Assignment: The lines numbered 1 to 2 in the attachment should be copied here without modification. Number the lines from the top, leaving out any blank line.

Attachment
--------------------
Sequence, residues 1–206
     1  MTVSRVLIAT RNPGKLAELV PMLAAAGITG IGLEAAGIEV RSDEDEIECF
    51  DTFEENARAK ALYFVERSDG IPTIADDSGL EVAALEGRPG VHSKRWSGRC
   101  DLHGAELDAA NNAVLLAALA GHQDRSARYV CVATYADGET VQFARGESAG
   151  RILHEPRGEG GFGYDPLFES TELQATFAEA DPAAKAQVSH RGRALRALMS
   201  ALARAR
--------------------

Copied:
Sequence, residues 1–206
     1  MTVSRVLIAT RNPGKLAELV PMLAAAGITG IGLEAAGIEV RSDEDEIECF